Thursday, April 26, 2007

A "Kick" Up the Behind

Kicks have always been part of professional snooker but as each tournament goes by why do we see more and more?

I have noticed more in the first week of this years world championship than any other tournament - I could be looking for them though!

There are many arguments as to what causes a kick, or bad contact between the cue ball and the object ball these are some of them:

  1. Chalk residue - when chalk deposits itself on the cue ball (or when balls pick up chalk from the cloth) it creates an area that when contact is made the ball will jump in the air or kick. Many tests have been carried out. Some prove the theory and some don't. Players such as Mike Massey believe it has something to do with the finer Green chalk used by snooker players, this may also account for the reason that there are less kicks in pool.
  2. Static - The fine napped cloths that are used in professional snooker events can create a static charge on the balls surface due to the friction and temperatures the balls reach on contact. A static charge as opposed to a clean surface would again cause a kick.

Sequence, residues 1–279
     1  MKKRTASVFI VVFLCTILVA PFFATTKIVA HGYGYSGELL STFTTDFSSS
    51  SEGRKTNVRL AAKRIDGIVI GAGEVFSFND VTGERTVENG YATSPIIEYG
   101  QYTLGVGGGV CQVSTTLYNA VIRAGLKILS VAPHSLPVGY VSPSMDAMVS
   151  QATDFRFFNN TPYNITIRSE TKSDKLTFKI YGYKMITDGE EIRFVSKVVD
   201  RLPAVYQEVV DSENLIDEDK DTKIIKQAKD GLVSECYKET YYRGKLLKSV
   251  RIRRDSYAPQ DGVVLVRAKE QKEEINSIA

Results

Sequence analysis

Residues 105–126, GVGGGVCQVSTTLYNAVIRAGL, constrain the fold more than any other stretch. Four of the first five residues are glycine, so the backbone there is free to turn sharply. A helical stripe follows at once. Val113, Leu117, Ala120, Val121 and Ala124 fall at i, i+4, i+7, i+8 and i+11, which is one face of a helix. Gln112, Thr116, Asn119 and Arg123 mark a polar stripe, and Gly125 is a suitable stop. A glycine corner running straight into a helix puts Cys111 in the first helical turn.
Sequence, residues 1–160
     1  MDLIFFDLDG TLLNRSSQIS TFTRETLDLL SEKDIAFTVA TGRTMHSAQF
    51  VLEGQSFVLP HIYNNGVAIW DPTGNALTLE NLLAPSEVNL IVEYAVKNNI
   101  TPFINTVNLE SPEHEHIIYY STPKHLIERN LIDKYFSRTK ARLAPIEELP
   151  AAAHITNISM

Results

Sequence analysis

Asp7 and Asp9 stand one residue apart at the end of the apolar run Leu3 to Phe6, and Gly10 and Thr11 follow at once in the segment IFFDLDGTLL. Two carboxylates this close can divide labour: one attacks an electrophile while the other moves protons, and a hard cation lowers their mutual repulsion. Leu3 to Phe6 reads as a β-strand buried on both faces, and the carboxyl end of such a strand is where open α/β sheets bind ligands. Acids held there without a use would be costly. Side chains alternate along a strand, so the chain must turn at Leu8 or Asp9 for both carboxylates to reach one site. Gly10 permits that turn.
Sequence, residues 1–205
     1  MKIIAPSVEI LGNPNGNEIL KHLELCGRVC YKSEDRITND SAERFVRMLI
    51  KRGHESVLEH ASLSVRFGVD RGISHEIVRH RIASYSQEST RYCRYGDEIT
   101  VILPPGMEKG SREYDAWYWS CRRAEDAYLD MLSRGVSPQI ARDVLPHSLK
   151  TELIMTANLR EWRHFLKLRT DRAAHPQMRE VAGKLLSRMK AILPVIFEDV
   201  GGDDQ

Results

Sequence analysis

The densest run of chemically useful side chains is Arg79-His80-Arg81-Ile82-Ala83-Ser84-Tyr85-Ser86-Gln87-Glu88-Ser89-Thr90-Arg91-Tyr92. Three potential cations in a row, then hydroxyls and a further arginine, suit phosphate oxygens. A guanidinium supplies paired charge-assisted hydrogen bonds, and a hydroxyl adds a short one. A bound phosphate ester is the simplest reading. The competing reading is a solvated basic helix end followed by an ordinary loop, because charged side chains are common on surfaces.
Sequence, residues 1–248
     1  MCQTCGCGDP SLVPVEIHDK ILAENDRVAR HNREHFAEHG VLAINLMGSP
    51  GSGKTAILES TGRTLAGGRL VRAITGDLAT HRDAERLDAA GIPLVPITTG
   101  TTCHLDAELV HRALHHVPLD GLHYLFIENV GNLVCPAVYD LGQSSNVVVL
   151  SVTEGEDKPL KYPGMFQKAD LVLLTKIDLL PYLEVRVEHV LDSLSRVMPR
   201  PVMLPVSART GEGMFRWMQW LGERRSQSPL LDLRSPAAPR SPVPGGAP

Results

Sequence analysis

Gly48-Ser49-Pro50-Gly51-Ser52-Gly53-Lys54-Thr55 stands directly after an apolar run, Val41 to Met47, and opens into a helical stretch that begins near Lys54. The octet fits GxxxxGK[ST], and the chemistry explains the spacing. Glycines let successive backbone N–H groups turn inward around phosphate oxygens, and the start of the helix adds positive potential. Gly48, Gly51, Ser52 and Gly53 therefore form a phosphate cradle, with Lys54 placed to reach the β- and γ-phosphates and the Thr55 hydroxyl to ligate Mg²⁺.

3. Manufacturing Process - One of the newest theories out there is that of the oils used in the manufacturing process and that the balls used in professional tournaments actually lubricate themselves during play. If this lubrication has not happened then a poor contact will occur. For more on this argument visit Talk Snooker Forum.

I for one am not completely convinced by any of the arguments and feel that at the professional level it could be a combination of all of the factors, including the lighting conditions caused by TV.

The debate continues.

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